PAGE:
THE BLOG

Paris In Three Hours

01/07/2013 06:18 pm ET | Updated Mar 09, 2013
Bakers Royale

2013-01-07-Parisluxgardens.JPG

I had been dreaming of French macarons for weeks. With their porcelain shells and Easter egg colors, macarons are almost like a jewel rather than a cookie. Perhaps that is why I have never been overly fond of eating macarons. They beg to be admired, packed into boxes, or put on display. To eat them almost makes me feel guilty. But now my guilt was replaced by desire. I wanted to taste a French macaron. My upcoming flight from Athens had a six-hour layover in Paris, and if the flight was on time, that would give me a window of opportunity to visit the City of Light. Of course, the problem was that over the past few months I had been flying quite a bit and all of my flights seemed to be delayed for one reason or another. Whether it was weather delays or mechanical problems, an on time flight was not something I had been experiencing as of late. Now, in the middle of the holiday season, an on-time flight seemed even less likely. Still, I decided to remain "optimiste." Like Napoleon, I mapped out my plan of attack. I would take in as much of Paris and as many of its pastry shops as I could.

How does one visit Paris when one only has three hours to spare? This was the question I had asked myself repeatedly. Of course you can't take in the entire city, but you can sample a taste of it! I had been to Paris once before becoming a chef. I had dutifully visited the Eiffel Tower and Notre Dame. Now I wanted to take in some of the culinary sights the city has to offer.

My flight touched down at Charles de Gaulle airport at 10:45 a.m., 10 minutes earlier than its scheduled time of arrival. I grabbed my bag and began to rehearse the few sentences of French that I know. I find that in any foreign culture the attempt to speak the language is always appreciated. In Paris it's almost deemed an insult if you don't at least attempt to speak some French.

The "blue line" takes you directly from the airport into the center of Paris. It does so in half the time it will take for a taxi, and at only 19 euros round trip, at a fraction of the cost. Forty minutes later I got off at the Luxembourg station. The Luxembourg station is located in Paris' 6th arrondissement, mere steps from the Luxembourg Gardens and Palace. The palace and original gardens were built in 1611 by Marie de Medici, the widow of Henry the IV. With over 100 statues, monuments, and fountains scattered throughout the manicured gardens, it's the perfect place to take in a breath of fresh air as you begin to explore Paris. Across from the gardens is Dalloyau, one of the oldest pastry shops in Paris, dating back to the 1600's. Dalloyau is the pastry shop that first created the Opera Cake. It was the perfect spot to begin my culinary exploration and pick up a snack to enjoy while walking through the Luxembourg gardens. After strolling through the palace courtyard, I walked up to the Pantheon, which is just a block away.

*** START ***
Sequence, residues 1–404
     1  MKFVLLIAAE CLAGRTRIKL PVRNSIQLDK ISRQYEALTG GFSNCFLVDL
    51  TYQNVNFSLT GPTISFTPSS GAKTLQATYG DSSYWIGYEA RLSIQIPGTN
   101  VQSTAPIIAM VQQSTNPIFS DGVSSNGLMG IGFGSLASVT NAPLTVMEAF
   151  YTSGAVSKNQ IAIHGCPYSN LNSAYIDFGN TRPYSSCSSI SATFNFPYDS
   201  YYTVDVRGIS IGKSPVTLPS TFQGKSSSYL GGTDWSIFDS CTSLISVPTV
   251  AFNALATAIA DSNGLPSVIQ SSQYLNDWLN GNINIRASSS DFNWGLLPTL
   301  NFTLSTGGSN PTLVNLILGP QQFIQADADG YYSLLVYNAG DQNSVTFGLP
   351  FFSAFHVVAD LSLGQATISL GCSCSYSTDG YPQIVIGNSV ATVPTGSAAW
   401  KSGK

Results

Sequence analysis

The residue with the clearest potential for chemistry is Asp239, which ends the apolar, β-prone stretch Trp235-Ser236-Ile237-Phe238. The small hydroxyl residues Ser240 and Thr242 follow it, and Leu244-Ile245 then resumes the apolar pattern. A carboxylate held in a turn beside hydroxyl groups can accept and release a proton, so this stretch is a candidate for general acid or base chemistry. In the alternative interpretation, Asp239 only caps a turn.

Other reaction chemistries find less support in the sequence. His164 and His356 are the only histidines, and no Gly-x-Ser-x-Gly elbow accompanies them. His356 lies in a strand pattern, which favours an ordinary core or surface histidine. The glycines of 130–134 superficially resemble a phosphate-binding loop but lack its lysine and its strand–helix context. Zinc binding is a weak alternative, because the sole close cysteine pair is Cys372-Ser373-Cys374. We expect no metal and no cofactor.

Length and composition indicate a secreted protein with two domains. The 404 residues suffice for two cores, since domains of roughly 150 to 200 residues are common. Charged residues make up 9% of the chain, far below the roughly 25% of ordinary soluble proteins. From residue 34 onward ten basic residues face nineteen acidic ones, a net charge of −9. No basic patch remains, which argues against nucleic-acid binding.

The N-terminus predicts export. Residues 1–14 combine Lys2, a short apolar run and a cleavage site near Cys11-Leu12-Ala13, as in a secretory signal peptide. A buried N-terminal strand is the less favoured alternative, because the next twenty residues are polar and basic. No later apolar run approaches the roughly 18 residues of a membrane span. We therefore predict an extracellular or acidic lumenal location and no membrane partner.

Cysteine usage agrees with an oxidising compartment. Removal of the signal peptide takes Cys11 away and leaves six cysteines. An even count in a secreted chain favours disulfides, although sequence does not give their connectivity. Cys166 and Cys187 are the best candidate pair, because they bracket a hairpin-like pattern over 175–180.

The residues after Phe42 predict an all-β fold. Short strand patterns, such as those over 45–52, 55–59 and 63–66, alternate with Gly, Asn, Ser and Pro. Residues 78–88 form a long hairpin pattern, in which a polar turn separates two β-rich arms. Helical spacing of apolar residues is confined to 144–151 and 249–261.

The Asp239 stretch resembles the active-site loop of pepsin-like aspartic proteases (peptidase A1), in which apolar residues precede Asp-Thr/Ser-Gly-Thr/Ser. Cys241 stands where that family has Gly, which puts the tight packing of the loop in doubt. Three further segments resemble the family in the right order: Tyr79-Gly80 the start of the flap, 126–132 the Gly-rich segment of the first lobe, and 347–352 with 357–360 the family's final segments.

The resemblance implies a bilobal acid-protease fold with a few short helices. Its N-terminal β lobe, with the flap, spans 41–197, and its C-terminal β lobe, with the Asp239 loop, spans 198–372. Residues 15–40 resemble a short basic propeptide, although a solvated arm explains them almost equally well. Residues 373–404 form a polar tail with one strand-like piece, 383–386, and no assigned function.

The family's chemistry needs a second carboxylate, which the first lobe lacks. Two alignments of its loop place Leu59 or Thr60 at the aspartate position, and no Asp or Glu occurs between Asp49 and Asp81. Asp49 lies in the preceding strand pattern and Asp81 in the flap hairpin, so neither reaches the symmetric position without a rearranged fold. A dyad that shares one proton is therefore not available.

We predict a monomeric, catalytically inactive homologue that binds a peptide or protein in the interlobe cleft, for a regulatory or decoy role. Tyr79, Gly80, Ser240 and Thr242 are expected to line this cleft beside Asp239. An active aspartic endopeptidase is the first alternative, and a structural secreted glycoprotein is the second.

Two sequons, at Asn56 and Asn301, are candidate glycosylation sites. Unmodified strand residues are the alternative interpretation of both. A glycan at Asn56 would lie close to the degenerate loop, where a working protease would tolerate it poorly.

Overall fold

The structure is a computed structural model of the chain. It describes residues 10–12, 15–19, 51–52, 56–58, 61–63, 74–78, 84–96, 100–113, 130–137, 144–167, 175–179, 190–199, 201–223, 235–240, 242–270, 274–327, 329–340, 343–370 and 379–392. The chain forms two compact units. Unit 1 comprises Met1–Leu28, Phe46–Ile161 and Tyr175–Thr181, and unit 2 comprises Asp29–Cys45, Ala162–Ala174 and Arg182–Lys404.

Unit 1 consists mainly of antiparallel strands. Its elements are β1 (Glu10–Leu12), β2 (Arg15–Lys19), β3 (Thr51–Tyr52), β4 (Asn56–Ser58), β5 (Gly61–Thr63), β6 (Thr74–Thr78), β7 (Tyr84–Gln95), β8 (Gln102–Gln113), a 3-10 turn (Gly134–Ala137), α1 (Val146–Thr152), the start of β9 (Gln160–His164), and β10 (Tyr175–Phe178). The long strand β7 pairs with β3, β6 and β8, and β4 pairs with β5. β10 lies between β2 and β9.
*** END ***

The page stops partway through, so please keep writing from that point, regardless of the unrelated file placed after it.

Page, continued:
As fate would have it, I passed Amorino, a French ice cream shop that was not on my list but well worth a stop. The window display of chocolates on gold pedestals and the sign for Marron Glacé (candied chestnut) ice cream caught my eye. Despite the winter chill in the air, ice cream is something I can never resist. Amorino offers an assortment of chocolates, all delicately wrapped in various shapes and sizes of gold paper. In the center of the tiny shop is a small freezer filled with mounds of ice cream. The day's flavors were lavender, candied chestnut and salted caramel. I sat on the only stool available. Apparently I am not the only one with a weakness for ice cream, even in the dead of winter. I tucked into a scoop of the candied chestnut ice cream. It was beautifully balanced, with the sweet and silky ice cream giving way to the earthy-nutty flavor of the chestnuts. It was perfection! I did not care that it had begun to rain outside and I didn't have an umbrella. The air inside the tiny shop was warm and fragrant with the scent of hot chocolate. As the lashing rain turned into a light drizzle I left the shop and walked the remaining half block up to the Pantheon. This was the Paris I had envisioned, even the rain was cooperating.